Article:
Whereas there isn’t but clear information on who ICE has requested to detain, an evaluation by researchers at Syracuse College of seven,993 detainers issued in April 2015 confirmed that 67 p.c of individuals had not been convicted of a criminal offense. About 15 p.c had been convicted of probably the most critical offenses. ICE offered just one month of information for the reason that new memo took impact.

Complicating the image is the higher numbers of people that have come to the U.S. from Central America, and should have credible asylum claims however stay in danger for deportation, attorneys and advocates say. Attorneys say they fear that girls and youngsters in household detention facilities, in addition to others swept up by ICE, could also be deported earlier than they’ve an opportunity to make a case, both for asylum or different aid.

“We’ve to go in and principally combat tooth and nail for every case,” mentioned Mony Ruiz-Velasco, an immigration lawyer in Chicago. “[We] spend an unlimited quantity of sources to cease deportations on circumstances that aren’t priorities. And so I simply can not think about what is occurring to all of the individuals that aren’t represented.”

Nuvia is one case that Ruiz-Velasco has been combating for. A 43-year-old mom of 4, Nuvia got here to the U.S. from Guatemala illegally for the primary time in 1995. Nuvia requested that her final title not be revealed for security and privateness causes.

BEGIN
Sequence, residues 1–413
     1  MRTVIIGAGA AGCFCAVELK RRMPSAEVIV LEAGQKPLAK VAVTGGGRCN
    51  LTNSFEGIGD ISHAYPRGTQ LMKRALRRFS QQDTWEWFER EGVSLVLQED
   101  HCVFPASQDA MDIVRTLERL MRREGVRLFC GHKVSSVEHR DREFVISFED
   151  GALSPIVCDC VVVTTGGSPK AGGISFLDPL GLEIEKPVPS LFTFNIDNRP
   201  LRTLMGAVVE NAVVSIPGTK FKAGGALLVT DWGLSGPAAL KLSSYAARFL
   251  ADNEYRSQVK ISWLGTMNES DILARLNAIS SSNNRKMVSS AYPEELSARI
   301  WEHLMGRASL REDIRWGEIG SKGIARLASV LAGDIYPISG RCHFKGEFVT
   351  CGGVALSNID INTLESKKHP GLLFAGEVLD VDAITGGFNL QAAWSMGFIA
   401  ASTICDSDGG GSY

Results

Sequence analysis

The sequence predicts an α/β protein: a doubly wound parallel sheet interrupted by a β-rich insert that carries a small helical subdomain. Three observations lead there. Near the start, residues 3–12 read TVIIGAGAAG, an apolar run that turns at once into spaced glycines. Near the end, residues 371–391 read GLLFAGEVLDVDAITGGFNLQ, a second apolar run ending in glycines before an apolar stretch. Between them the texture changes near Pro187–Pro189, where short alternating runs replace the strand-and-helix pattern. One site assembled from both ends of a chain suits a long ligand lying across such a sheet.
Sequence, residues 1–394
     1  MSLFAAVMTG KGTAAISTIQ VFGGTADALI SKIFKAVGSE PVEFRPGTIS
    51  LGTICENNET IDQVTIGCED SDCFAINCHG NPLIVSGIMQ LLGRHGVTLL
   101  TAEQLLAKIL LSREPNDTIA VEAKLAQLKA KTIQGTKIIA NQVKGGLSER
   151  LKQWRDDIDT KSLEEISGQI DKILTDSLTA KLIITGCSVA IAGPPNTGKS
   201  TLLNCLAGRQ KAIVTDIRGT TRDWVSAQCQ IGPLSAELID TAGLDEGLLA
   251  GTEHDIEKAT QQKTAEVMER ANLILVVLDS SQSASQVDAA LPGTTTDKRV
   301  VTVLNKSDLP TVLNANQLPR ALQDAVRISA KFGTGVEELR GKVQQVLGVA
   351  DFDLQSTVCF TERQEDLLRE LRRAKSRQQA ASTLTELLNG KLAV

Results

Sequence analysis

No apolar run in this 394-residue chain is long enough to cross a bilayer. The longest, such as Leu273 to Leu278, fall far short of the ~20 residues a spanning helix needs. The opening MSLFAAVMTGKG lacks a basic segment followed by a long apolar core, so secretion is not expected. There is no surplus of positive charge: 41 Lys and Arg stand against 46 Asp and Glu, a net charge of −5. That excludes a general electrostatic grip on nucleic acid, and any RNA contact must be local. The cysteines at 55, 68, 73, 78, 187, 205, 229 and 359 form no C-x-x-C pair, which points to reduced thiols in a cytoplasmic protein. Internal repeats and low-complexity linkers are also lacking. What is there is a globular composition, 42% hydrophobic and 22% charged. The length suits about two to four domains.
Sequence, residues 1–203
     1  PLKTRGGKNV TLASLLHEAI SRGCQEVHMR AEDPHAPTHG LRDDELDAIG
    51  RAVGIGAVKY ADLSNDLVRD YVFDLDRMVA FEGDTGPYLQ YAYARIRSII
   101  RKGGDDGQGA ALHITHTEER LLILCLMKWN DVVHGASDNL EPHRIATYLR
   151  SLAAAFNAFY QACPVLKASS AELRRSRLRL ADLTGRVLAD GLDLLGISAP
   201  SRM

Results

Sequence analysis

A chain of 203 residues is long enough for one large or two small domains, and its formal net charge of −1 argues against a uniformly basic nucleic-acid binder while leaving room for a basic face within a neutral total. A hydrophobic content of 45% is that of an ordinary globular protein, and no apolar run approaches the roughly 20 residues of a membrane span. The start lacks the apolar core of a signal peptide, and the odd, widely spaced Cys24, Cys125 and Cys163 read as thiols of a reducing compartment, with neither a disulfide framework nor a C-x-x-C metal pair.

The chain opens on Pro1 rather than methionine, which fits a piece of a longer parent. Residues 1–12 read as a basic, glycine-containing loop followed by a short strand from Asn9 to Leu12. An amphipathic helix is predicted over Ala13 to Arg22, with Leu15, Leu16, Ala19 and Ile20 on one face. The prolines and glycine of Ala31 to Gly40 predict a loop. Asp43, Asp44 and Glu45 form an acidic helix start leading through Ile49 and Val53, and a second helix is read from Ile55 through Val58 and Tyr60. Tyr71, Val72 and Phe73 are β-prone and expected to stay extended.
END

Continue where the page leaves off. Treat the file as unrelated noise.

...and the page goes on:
She stayed for greater than a decade, marrying and having youngsters, earlier than she returned house to bury her father in 2011. When Nuvia returned to the U.S. in 2013, she mentioned she was held captive in a house the place she was compelled to work and was sexually assaulted, based on an affidavit she offered to immigration officers.

After two weeks, Nuvia mentioned she was in a position to escape, however was finally apprehended by immigration officers. She has since been slated for removing. She was allowed to return to her household whereas she waits for a verdict. Due to the courtroom backlog, her case gained’t go earlier than an immigration choose till 2019.

Nuvia worries every day about being despatched again to Guatemala. She stays at house, she says, and has fallen prey to despair. With assist from Ruiz-Velasco, Nuvia has utilized for a T visa, which is reserved for victims of human trafficking. She hopes to listen to a verdict within the coming months.

“I don’t exit on my own for any cause,” Nuvia mentioned. “It’s not a life, you already know. It doesn’t go away.”

ICE wouldn’t remark straight on the case. Her lawyer, Ruiz-Velasco, mentioned Nuvia doesn’t match the company’s high classes for removing. “She’s not a precedence for immigration in any sense of the phrase,” she mentioned.

Sarah Childress

Sarah Childress, Former Collection Senior Editor, FRONTLINE